Assisting a Group When Not the Facilitator
If you are not the designated facilitator of a group, but have the interest and some sense of being able to help the group make a decision, then you essentially are putting yourself in the position of unofficial facilitator. This can sometimes lead to people reacting with irritated responses like “who put you in charge?” When in this situation, though I tend to follow the same process overall as when I’m the facilitator, I am even more careful to connect with my own needs internally.
Before speaking up, I track what’s going on and identify those things that are not meeting my needs or where I have something to offer that would better meet my needs and the needs of others in the group. I try to name what is prompting me to enter into the discussion at this moment, which will change over the course of the discussion; the awareness of identifying why I’m doing what I’m doing returns me to present awareness. Since entering into the discussion in this way might be seen as rude or arrogant, when I do speak I enter into the discussion in a way that attempts to connect me to the people I’m communicating with. My strategy to do so is usually to reveal what’s going on for me that is motivating me to say what I’m about to say; I connect people to my needs.
For example, if Jim had been speaking and saying more than I could track, I might enter in by saying “It would help me to follow what you’re telling us if I had some sense of what you wanted us to do with what you have said.” If he seemed to be finished, I might enter in by saying, “Jim, it would help me to understand and to actually help you get what you want if you’d tell me what you would like, is there anything you’d like back from me or someone else now?” I keep in mind the distinctions around a request (doable, present tense, and action language) and if a request is made that is not in this form, I help shape it, doing so in a way that has no judgment or criticism of the person because they haven’t put it in that form.
Each interaction I have with the group ends in a request unless I’m asked for specific information, otherwise, my contribution to the discussion is always to end with a request and to be clear what I want and what need it would meet. In revealing myself and why I’m intervening, I do so in short phrases, not long explanations; for example I might start with phrases like, “I’m curious” “I’m interested” or “This would help me” and then after a person responds, thanking them with phrases like “Thanks, that’s a big help” or “I appreciate that, that’s a support for me to hear that from you” or “I welcome hearing that.” These short phrases are a way to connect, but only if they are true for me. I do not recommend using them if they are not true, as people very quickly hear it if they are being used as a technique.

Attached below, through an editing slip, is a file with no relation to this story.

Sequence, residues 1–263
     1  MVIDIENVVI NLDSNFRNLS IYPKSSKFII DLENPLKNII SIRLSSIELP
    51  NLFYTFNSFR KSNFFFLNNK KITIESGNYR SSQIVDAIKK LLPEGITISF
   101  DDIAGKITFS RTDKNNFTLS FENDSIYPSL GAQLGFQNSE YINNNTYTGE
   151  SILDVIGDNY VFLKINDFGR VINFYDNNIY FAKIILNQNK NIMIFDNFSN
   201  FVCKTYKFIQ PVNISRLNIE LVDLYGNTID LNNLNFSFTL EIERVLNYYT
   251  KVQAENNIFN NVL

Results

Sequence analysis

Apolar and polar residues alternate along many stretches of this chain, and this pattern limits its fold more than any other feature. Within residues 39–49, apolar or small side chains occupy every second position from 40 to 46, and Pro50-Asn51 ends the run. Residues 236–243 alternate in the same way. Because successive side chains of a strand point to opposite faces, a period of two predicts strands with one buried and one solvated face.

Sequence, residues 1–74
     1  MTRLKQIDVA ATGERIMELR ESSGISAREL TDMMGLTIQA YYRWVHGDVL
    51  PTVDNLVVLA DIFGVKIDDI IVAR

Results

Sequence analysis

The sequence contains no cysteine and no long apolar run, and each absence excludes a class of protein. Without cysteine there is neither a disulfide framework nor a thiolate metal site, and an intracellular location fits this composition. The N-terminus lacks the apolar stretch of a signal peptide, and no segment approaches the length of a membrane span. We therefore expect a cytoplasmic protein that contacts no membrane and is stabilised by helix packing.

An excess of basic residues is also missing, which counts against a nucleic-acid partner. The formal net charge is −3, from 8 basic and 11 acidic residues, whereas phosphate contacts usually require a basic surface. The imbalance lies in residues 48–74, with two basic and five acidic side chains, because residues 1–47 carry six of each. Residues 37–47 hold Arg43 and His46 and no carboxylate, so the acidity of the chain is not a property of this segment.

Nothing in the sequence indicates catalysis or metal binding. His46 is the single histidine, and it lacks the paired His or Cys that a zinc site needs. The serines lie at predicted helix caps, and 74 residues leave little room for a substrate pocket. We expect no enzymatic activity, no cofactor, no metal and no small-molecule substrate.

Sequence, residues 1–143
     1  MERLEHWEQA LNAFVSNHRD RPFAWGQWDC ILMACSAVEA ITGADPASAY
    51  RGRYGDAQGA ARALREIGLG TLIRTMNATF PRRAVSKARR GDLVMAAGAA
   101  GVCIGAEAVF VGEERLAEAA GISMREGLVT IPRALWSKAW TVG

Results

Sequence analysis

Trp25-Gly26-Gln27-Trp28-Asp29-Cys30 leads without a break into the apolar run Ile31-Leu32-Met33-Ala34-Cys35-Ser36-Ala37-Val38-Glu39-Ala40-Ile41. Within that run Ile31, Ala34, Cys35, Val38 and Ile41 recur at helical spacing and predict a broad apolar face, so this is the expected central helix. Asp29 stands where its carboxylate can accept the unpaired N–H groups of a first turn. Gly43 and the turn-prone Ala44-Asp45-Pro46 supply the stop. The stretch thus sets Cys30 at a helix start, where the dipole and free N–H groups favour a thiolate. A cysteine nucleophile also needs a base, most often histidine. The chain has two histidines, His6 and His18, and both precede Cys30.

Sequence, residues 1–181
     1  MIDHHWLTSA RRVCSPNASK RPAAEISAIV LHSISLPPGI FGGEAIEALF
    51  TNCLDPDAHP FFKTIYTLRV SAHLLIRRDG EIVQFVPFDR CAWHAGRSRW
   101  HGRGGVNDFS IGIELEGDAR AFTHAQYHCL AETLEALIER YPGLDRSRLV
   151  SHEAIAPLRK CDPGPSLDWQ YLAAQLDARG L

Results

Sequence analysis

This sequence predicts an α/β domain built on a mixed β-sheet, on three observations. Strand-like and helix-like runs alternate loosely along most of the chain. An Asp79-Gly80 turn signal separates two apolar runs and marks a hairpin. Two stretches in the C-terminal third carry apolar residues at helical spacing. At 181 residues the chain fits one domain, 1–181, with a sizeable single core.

Higher Stakes Conflicts
The examples I’ve been using are pretty low-stakes situations; however, there are plenty of contexts in which the model I’ve been discussing could be used to affect group decisions that have considerably higher stakes. Community groups often come together to try to resolve issues in the neighborhood. Political town meetings happen where people are encouraged to voice concerns about policies that officials are attempting to enact. Recently in the San Francisco Bay Area town meetings were being held in various areas to discuss the potential aerial spraying of pesticides (specifically, synthetic pheromones) over urban areas in an attempt to eradicate the apple moth, purportedly a threat to the state’s agricultural economy. With reports of negative health affects from previous aerial spraying in other areas, needless to say, the stakes, and the emotions, ran high.
In these cases, adapting the model to more closely follow the mediation model might be helpful. Usually, in lower stakes cases, I focus on simply identifying and naming the needs of each side. However, in a case where emotions are likely to be higher, it would probably help to get needs reflected back by one or more people on each side.
For example, let’s say you have been asked to facilitate a meeting of stakeholders involved in a conflict around the use of a piece of coastal land. The proposal under discussion would allow ATV’s recreational use of a strip of land with a sand dune ecosystem. People representing an environmental group are present and against the proposal. You help them surface the needs they imagine would not be met were the proposal to go through, perhaps needs for beauty, a peaceful place to enjoy nature, and the well-being of endangered plants and animals in the fragile dune ecosystem. You request members of the group in favor of the proposal to reflect these needs back. As facilitator, you might then help the group in favor of the proposal surface their needs, and request members of the environmental group to reflect those needs. Asking people to reflect back needs helps make sure that each side is heard to their satisfaction by the other side.